How to create a mock-up of a framed photograph in Photoshop to help you sell more prints

Sep 13, 2021

John Aldred

John Aldred is a photographer with over 20 years of experience in the portrait and commercial worlds. He is based in Scotland and has been an early adopter – and occasional beta tester – of almost every digital imaging technology in that time. As well as his creative visual work, John uses 3D printing, electronics and programming to create his own photography and filmmaking tools and consults for a number of brands across the industry.

How to create a mock-up of a framed photograph in Photoshop to help you sell more prints

Sep 13, 2021

John Aldred

John Aldred is a photographer with over 20 years of experience in the portrait and commercial worlds. He is based in Scotland and has been an early adopter – and occasional beta tester – of almost every digital imaging technology in that time. As well as his creative visual work, John uses 3D printing, electronics and programming to create his own photography and filmmaking tools and consults for a number of brands across the industry.

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Many of us might not ever need to create a mock-up of how a photograph might look in a frame on the wall. If we’re only shooting for ourselves, we’d just print it, put it in the frame and hang it. Then we’d just know what it looks like. But for family, wedding and portrait photographers looking to sell prints to clients, it can be a very valuable tool to have in your arsenal.

Being able to shoot an image of a client’s home and present them with an image that shows their images hanging on their own walls can be a great way to show them the best sizes to get and what images might look good in a set. It’s a popular technique and there are even smartphone apps to help automate the process. But in this video, Sleeklens shows us how to do it the old fashioned way. In Photoshop.

The technique shown off in the video explains how to make it look realistic. It’s not just about slapping an image in as a new layer and resizing it to fit – although that is a part of the process. But what made this particular video stand out to me – and something not mentioned once in the video itself – is the fact that the photograph being composited onto the wall is a Smart Object layer within Photoshop.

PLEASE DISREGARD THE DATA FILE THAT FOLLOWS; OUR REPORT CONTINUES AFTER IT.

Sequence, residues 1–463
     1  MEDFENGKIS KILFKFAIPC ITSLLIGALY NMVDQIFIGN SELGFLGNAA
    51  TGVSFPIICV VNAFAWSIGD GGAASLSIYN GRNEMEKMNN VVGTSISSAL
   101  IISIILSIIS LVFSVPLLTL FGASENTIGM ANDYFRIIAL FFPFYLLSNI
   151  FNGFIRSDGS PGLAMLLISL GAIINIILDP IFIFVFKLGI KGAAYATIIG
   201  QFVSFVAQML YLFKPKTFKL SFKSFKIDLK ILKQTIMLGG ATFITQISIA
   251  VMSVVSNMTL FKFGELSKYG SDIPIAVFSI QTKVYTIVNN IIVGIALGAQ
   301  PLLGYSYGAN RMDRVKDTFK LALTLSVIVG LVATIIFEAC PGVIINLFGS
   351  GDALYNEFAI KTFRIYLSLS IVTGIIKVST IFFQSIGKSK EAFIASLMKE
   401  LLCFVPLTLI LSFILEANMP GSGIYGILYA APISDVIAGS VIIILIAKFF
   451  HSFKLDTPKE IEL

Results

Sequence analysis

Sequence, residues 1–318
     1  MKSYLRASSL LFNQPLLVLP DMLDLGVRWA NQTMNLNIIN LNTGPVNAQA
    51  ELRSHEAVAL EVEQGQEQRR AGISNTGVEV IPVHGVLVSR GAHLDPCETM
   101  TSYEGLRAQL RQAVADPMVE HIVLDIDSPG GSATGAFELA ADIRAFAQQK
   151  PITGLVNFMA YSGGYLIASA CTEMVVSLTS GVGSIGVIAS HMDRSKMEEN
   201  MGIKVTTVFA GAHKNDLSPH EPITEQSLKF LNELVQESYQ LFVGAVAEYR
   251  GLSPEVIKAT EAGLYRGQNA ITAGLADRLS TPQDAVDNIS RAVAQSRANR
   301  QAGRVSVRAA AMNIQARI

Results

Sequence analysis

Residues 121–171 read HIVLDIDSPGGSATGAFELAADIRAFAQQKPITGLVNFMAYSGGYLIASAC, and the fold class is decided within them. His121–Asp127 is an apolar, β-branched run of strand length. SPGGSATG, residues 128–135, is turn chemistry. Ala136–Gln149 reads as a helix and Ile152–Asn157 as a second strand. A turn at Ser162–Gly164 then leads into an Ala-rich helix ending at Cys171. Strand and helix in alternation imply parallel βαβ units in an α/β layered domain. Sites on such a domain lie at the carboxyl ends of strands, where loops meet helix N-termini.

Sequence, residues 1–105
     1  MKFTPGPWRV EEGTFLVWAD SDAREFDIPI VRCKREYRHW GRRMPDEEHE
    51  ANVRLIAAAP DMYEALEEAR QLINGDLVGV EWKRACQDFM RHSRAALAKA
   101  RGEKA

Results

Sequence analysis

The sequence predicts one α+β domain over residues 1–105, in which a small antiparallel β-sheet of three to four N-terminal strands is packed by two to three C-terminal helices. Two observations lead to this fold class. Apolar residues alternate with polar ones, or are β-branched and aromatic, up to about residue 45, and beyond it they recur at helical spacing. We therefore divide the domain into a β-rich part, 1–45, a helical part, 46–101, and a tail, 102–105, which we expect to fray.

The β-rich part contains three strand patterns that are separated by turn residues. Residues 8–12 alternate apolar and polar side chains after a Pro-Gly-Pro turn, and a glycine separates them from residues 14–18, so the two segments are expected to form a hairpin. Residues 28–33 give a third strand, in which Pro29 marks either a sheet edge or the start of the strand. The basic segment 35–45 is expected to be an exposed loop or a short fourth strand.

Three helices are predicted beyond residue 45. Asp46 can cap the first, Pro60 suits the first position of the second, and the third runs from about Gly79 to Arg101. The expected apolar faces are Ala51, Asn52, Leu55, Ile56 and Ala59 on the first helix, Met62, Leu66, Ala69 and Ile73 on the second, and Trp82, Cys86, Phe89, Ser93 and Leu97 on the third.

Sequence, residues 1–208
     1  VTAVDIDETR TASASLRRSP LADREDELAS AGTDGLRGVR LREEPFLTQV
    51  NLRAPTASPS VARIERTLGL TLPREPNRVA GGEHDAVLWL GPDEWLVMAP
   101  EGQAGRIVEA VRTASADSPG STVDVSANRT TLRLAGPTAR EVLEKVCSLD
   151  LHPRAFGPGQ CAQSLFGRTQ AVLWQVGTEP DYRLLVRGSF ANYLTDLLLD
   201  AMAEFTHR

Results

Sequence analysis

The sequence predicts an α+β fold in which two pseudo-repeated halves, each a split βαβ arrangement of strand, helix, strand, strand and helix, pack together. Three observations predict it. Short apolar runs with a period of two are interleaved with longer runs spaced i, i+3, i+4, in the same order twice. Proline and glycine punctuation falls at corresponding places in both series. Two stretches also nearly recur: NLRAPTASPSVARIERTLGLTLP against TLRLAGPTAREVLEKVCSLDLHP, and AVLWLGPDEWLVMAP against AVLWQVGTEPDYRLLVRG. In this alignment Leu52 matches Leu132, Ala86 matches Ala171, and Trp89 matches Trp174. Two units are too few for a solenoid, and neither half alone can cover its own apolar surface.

Using Smart Objects in this way, particularly for photographers who have a whole session of images they can pick from means that you can easily swap out the images without having to do any extra work. All you need to do is double click on the Smart Object, paste a new image on top, save it, close it out, and your composite is automatically updated in the main canvas. So, it makes it easy to present your client with multiple options with very little extra effort.

Do you show mockups like this to your clients?

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John Aldred

John Aldred

John Aldred is a photographer with over 20 years of experience in the portrait and commercial worlds. He is based in Scotland and has been an early adopter – and occasional beta tester – of almost every digital imaging technology in that time. As well as his creative visual work, John uses 3D printing, electronics and programming to create his own photography and filmmaking tools and consults for a number of brands across the industry.

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One response to “How to create a mock-up of a framed photograph in Photoshop to help you sell more prints”

  1. John Beatty Avatar
    John Beatty

    Cool, thank you sir.